Richard sat in the corner, between the Kentia Palm tree and the waste paper bin, which needed emptying. Mr Peters, at his desk, held his head in one hand and a pen in the other, reading and making notes. His face was strained with concentration and every now and then he would frown at something he read. Around him, on the desk, were several piles of paper, books and stationary. At the start of the day they had been neatly stacked and organised but now sheets lay scattered everywhere.
Richard tried not to lean back in
his chair or stretch his legs out; not that Mr Peters would notice but somehow
it seemed disrespectful to relax in front of a man working so hard. So instead
he sat upright and still. Mr Peters leant over his desk barely moving a muscle,
unless to turn a page or scribble something down. Even his eyes barely seemed
‘What am I going
to do?’ thought Jack Peters. He stared down at the paper in front of him but
didn’t take any of it in. ‘I just can’t believe I forgot it was her birthday,’
he said to himself for the hundredth time. He sat still, head in his hand.
‘Why doesn’t Rich move?’ he thought.
‘He’s been sat there all morning and hasn’t shifted at all.’ Jack sketched a
bit more of the picture of his wife on the back of the finance report. Then he
drew a speech bubble and wrote “RICHARD!” He stopped. Why had he written that.
He’d meant to put his own name, why would Emma be shouting at Rich? I don’t think
she even knows him. ‘Must be because I was just thinking about him,’ thought
at the framed photo of Emma on the desk. ‘I wonder if Jack’s forgotten it’s her
He’d only met Emma once, at some work party, but she’d seemed pleasant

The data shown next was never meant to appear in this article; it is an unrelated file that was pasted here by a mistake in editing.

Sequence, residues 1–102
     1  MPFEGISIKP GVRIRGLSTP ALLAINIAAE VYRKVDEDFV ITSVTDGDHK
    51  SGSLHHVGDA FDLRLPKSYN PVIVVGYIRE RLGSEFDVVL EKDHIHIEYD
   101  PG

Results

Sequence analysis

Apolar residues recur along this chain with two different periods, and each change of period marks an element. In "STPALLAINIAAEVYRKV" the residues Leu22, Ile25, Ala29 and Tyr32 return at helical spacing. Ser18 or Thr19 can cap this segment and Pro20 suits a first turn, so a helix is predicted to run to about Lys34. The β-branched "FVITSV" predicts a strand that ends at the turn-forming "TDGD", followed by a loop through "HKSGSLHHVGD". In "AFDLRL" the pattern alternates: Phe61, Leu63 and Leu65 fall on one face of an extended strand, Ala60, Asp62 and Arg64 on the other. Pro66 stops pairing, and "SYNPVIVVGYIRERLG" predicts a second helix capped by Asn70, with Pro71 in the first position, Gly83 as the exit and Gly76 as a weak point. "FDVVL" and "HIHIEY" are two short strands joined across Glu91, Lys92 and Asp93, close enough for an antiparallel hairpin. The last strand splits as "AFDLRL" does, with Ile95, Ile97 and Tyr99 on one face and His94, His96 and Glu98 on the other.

enough. He suspected though that their marriage was struggling. Several times
he’d had to feign deafness while Jack failed to reason with Emma down the
phone. Richard was pleased his own relationship was rather more stable.
His mind turned to his girlfriend, Samantha. ‘What are the chances she’ll
be free tomorrow, I can’t believe I haven’t seen her since Tuesday,’ he
thought. ‘I must see her tomorrow though, even if it can’t be for dinner.’
‘Rich,’ said Jack looking up
suddenly, ‘can you go into town and buy some flowers for me?’
‘For you?’ Richard replied, ‘I
didn’t think you like flowers that much.’
‘No not for me, for my wife.’
‘Oh right, sorry. Sure. Any
‘Um, roses. They’re always good.’
‘Red ones?’ said Richard, standing
‘Yeah, cheers Rich,’ answered Jack,
his eyes back on the page on his desk.
‘So he did
forget Emma’s birthday,’ thought Richard as he strolled along the street. He’d
not been to many flower shops before, he always felt overwhelmed by the choice
and wasn’t sure what Samantha liked. He made a mental note to find out.
As he entered the nearest florists
the intense mix of scents hit him, causing him to cough. He proceeded more
slowly amongst the rows of colourful buds. ‘I’m not sure which I like least,’
he thought, ‘the smell of a florist’s or the smell of those perfume shops.’
Richard didn’t have much of a clue about perfume either, but Samantha had
always graciously received anything he’d bought for her.
‘How may I help you Sir?’ said the
owner from behind him, causing him to jump.
‘Oh, err, a bouquet of red roses,
please,’ replied Richard.
‘Certainly,’ the man said, selecting
a few flowers and wrapping them. ‘A good choice, I must say.’
‘Would you like us to deliver them
for you? Anywhere within five miles at no extra cost. Over five we charge a
pound for every mile.
‘Err, yes,’ said Richard. His head
was starting to hurt with the smell of all the flowers, but he gave Mr Peters’
As the man made a note Richard
suddenly recalled that Samantha wouldn’t be free tomorrow because she was meeting
a friend. ‘Damn,’ he thought.
‘Would you like to write the name on
a card to go with the flowers, Sir?’ The man pushed a card across the counter.
Richard took a pen from his jacket pocket, wrote Samantha, and passed it back.
‘That will be thirty-five pounds
Richard counted out some notes,
nodded his thanks to the man and left as quickly as he could, desperate to get
out of the shop.
It was only
later, when he was back in Mr Peters’ office, that it occurred to Richard what
he’d done. Just then the telephone rang.